Submitted by washnock on Tue, 09/17/2019

George J. Berry, one of the most significant figures in the modernization of the City of Atlanta’s governance and a beloved public servant, passed away on September 7, 2019.

A change-maker and a visionary, Berry spearheaded some of the most important projects in the City of Atlanta’s history such as constructing MARTA lines, expanding Hartsfield-Jackson International Airport, and hosting the 1996 Summer Olympics. A believer and proponent of the modern “New South movement,” Berry maintained that honest, progressive government and high-quality human and physical infrastructure such as schools and multimodal transportation systems benefitted everyone. Throughout his career as an Atlanta’s Chief Administrative Officer and Aviation Commissioner to his time as Georgia Commissioner of Industry, Trade, and Tourism, Berry brought acclaim to the city and state as great places to live and work.

George J. was born on July 5, 1937, to William Cautus Berry and Lorena Crawford Berry of Blairsville, Union County, Georgia. After his father, a rural mail carrier, died when he was still very young, Berry went to live with his grandparents on a farm outside Blairsville. Shortly after graduating from Young Harris College in 1957 (then Young Harris was a two-year school), Berry joined the U.S. Army. He was honorably discharged in 1962. At the age of just twenty-five, Berry moved to Atlanta and started looking for work. Berry began his long career as a City of Atlanta employee as a tax clerk where he also met Jeannine Barrett. The two married in 1963. Berry later attended the University of Georgia and eventually graduated from Georgia State University.  

A goal-oriented person, Berry’s work reshaped the City of Atlanta during the administrations of mayors Ivan Allen Jr., Sam Massell, Maynard Jackson Jr., and Andrew Young. After moving up from the City of Atlanta’s finance department, Berry became Mayor Ivan Allen Jr.’s Deputy Chief Administrative Officer where he played a pivotal role in diversifying city leadership in the late 1960s. According to Bill Banks, writing for the AJC, Berry found himself working as the “unofficial liaison between the predominantly black staffers and administrators and the predominantly white business community.” Serving as Deputy Chief Administrative Officer during a particularly tumultuous period in Atlanta history, George Berry prided himself on working to improve race relations in the city. His efforts continued as Mayor Sam Massell’s Chief Administrative Officer. He also helped facilitate the 1973 governance transition from the Board of Alderman to Atlanta City Council while working for Mayor Maynard Jackson.

Berry with Jackson and other unidentified men, ca. 1981
George Berry with Mayor Maynard Jackson and other unidentified people at Hartsfield Atlanta International Airport, ca. 1981 (George J. Berry Papers)

 

George Berry cemented perhaps his most important and long-lasting legacy during his time as Commissioner of Aviation for the City of Atlanta. Appointed in 1978, Berry held that position until 1983. In that role, Mayor Maynard Jackson Jr. tasked Berry with planning and implementing the expansion of the new Hartsfield International Airport (renamed Hartsfield-Jackson International Airport in 2003). Employing a new minority-majority joint ventures concept ensuring that 20 percent of all contracts were to be awarded to minority-owned firms, the new terminal opened in 1980 with four runways operation by 1983—a fifth opened in 2006.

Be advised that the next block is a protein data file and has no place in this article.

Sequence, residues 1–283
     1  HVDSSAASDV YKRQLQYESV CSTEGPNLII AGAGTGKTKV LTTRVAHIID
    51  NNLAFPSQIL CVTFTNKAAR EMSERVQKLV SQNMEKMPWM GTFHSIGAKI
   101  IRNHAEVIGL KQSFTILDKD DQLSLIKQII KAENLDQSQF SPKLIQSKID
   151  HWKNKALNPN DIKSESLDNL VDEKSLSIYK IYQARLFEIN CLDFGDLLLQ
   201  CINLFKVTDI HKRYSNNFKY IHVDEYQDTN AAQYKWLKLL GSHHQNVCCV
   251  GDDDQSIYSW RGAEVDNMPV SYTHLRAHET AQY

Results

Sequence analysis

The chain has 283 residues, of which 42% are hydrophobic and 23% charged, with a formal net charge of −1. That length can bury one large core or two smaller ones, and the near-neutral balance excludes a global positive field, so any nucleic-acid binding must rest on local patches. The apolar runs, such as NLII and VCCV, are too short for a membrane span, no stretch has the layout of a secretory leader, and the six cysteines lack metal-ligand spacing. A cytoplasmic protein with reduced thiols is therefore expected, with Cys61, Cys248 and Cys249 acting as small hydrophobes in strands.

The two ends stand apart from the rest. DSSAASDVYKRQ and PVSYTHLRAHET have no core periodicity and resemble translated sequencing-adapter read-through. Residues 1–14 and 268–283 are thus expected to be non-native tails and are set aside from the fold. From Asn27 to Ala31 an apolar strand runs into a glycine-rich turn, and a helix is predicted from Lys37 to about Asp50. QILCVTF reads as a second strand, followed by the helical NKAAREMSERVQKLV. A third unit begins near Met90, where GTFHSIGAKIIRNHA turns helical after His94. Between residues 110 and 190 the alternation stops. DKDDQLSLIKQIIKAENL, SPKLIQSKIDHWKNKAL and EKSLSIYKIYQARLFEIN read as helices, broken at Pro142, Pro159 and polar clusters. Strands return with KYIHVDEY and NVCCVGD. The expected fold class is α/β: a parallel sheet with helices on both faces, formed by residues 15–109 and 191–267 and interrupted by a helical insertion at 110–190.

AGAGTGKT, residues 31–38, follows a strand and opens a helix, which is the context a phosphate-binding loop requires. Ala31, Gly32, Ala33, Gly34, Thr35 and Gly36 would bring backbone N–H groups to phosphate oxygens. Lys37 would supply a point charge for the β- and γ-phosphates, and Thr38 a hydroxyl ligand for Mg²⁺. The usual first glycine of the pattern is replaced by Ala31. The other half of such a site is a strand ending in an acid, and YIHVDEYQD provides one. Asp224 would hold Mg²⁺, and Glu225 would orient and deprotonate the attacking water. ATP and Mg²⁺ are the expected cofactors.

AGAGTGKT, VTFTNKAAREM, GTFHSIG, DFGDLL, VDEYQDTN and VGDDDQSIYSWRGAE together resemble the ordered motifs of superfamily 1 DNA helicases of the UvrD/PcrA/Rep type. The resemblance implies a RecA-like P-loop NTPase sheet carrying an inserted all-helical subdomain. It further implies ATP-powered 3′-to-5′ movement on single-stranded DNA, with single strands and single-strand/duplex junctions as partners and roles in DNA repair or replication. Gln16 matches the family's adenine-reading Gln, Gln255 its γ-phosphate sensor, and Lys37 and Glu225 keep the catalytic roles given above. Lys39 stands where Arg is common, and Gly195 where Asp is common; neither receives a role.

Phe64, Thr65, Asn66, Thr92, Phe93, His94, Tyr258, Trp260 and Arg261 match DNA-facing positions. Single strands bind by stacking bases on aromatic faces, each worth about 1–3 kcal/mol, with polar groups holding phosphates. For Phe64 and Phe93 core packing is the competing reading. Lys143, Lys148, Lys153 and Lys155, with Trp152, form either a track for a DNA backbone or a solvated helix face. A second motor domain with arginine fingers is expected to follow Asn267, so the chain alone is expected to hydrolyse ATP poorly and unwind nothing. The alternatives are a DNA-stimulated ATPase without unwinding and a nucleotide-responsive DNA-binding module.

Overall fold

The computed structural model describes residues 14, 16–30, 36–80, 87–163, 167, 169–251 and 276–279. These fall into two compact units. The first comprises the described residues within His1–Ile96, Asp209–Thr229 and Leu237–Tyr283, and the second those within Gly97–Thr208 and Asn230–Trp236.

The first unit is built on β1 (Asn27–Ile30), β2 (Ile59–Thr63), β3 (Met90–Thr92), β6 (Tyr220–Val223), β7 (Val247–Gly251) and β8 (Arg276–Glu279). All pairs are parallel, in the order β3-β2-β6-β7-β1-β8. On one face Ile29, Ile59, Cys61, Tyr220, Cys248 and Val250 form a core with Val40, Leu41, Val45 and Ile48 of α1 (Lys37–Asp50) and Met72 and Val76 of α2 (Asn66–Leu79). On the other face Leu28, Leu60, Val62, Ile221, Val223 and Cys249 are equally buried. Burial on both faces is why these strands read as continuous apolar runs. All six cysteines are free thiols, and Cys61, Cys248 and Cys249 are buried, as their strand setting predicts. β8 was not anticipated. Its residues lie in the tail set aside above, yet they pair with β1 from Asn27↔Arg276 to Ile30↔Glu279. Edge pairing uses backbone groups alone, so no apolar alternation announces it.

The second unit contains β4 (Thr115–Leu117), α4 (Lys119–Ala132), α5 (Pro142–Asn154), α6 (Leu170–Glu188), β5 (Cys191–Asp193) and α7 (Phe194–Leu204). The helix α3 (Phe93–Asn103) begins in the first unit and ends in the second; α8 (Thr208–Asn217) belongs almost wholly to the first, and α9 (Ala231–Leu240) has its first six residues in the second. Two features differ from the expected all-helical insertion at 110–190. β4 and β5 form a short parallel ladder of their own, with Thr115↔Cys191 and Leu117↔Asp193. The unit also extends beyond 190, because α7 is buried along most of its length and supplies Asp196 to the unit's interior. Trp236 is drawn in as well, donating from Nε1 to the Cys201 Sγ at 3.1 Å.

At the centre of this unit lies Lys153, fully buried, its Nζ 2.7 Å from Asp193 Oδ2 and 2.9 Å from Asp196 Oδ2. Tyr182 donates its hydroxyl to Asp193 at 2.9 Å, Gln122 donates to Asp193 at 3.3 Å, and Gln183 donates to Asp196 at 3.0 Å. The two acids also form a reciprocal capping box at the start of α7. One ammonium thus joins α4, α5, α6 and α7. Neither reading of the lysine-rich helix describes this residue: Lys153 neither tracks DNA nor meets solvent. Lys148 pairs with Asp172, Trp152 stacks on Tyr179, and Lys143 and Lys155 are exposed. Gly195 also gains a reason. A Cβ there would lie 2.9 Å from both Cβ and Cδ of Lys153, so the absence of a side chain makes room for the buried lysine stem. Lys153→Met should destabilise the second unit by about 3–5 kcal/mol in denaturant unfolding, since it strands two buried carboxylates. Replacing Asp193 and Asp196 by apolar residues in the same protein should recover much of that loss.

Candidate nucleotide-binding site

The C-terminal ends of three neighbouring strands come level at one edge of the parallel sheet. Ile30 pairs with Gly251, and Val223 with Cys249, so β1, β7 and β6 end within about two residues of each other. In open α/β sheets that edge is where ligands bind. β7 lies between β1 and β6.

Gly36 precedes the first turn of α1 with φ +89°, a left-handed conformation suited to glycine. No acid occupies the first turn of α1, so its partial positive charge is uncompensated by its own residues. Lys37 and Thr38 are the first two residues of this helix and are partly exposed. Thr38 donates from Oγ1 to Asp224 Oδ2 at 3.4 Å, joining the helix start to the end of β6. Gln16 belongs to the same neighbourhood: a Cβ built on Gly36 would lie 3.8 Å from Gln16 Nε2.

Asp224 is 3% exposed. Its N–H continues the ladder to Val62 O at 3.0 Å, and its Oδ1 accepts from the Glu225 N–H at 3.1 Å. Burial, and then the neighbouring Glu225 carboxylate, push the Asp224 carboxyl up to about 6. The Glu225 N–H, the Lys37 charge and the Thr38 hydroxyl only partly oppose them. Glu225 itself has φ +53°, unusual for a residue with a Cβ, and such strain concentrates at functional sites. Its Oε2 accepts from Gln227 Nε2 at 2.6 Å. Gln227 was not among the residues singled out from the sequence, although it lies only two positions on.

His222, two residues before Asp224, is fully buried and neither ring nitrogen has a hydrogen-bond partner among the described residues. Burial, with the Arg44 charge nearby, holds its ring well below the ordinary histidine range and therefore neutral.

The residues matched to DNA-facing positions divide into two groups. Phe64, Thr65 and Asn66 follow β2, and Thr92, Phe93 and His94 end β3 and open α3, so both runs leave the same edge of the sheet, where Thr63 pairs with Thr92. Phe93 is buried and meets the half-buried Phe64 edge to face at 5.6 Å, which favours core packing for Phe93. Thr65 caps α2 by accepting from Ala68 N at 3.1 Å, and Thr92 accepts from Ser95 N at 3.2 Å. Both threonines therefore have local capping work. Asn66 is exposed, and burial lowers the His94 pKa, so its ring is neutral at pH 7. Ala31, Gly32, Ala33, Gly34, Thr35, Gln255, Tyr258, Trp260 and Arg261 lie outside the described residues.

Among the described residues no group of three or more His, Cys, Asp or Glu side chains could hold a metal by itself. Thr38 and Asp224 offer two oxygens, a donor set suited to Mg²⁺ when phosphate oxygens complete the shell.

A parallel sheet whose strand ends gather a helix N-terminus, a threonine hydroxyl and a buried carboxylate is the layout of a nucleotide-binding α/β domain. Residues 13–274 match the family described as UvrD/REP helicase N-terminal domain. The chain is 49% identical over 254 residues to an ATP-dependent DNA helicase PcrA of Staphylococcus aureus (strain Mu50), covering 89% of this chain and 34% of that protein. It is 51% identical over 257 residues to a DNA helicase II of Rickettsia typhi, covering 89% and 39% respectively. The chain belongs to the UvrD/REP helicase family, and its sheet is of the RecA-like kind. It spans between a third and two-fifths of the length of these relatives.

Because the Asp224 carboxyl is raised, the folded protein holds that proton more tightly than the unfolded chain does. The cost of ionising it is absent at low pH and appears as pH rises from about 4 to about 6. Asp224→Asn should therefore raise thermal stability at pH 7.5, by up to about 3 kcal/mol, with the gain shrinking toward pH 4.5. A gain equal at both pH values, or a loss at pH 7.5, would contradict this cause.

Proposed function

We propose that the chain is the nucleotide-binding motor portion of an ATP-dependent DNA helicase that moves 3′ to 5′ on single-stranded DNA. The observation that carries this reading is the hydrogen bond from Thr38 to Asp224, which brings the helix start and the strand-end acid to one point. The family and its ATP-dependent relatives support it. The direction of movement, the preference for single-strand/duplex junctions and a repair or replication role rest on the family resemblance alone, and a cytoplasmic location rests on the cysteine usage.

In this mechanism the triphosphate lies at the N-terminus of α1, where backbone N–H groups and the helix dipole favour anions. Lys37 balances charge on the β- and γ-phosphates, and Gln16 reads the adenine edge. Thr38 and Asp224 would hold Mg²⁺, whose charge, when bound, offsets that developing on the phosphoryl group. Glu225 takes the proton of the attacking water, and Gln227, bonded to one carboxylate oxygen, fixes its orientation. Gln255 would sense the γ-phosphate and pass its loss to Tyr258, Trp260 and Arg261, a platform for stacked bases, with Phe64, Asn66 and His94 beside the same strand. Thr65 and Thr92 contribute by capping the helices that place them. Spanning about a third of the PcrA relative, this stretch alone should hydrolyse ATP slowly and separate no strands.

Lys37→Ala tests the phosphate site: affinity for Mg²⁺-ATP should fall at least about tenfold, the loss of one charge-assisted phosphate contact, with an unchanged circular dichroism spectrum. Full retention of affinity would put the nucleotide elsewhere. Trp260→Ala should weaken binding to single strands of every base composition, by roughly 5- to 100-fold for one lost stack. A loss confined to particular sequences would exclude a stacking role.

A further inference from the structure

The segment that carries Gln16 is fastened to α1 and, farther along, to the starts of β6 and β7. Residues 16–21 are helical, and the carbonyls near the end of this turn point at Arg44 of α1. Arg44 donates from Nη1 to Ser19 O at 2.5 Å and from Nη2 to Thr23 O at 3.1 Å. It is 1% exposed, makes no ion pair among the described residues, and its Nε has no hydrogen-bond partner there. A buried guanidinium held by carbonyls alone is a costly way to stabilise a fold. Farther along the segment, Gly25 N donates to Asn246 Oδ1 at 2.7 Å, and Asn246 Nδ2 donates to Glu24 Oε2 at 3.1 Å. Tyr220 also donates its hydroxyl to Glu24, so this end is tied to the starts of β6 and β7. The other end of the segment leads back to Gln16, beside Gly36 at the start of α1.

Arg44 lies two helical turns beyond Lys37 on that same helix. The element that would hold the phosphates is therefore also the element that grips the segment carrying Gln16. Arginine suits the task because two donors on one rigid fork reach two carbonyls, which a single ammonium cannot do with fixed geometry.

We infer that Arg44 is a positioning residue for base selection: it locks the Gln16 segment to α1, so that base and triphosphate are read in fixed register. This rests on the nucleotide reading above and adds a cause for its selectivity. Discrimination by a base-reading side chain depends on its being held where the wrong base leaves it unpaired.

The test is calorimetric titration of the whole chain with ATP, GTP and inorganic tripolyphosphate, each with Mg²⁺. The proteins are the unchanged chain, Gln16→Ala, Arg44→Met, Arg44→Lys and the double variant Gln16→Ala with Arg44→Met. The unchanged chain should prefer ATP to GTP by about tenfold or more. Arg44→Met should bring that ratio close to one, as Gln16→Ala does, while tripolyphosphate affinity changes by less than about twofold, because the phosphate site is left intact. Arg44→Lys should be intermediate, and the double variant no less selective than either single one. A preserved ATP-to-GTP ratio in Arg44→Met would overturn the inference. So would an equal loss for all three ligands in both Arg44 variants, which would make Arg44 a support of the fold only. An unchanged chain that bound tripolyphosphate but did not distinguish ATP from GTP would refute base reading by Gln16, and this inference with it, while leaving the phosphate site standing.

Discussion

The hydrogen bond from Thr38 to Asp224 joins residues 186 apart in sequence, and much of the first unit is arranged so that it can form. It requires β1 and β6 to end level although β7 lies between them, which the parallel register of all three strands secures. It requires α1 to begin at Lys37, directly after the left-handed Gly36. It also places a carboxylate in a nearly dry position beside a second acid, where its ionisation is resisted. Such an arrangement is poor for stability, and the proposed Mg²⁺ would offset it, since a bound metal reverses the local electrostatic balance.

Governor Joe Frank Harris appointed Berry as Georgia’s Commissioner of Industry, Trade, and Tourism in 1983. With frequent travels overseas, Berry worked tirelessly to promote the state, lure international business development to Georgia, and fuel statewide economic development. The Atlanta airport improvements he had spearheaded as well as the expanded number of international flights boosted Berry’s efforts considerably.

After an unsuccessful run for lieutenant governor in 1990, Berry joined Cousins Properties, Inc., one of Atlanta’s largest real estate investment trusts, as Senior Vice President. Berry’s aptitude for major urban projects caught Governor Zell Miller’s eye, and he appointed Berry to serve as Chairman for the Metropolitan Atlanta Olympic Games Authority (MAOGA), which supervised project finances and approved contracts for the 1996 Summer Olympic Games. In this role, Berry participated in the controversial use of eminent domain that displaced an estimated 30,000 low-income Atlantans from their homes to build the Centennial Olympic Stadium (the former Turner Field and, since 2017, Georgia State Stadium).

MAOGA board
Metropolitan Atlanta Olympic Games Authority (MAOGA) board of directors. L to R: Bill Campbell, Dan Graveline, Mitch Skandalakis, Arthur Gignialatt, George Berry, Bob Cohn, Edgar Rhodes, Joe Tanner, Wyck Knox, Richard Monteith, executive director. Not pictured Davetta Johnson and Marvin Arrington. (George J. Berry Papers)

George Berry’s contributions to the State of Georgia has not gone unheralded. The Georgia Aviation Hall of Fame awarded Berry the Chairman’s Award for his pivotal role in overseeing and expanding Hartsfield-Jackson.

George J. Berry was laid to rest on September 14 in a private ceremony in Blairsville, Georgia.

Berry participated in Bob Short’s Reflections on Georgia Politics oral history series back in 2009. His full interview is available online. Berry’s papers documenting his work with the City of Atlanta, 1996 Summer Olympics, and the Georgia Department of Industry, Trade, and Tourism are open and available for research at the Russell Library. The finding aid for the George J. Berry Papers is also available online. A small collection of Berry’s photographs featuring snapshots of Martin Luther King Jr.’s funeral procession as it passed the Georgia State Capitol in April 1968 are also available at the Russell Library.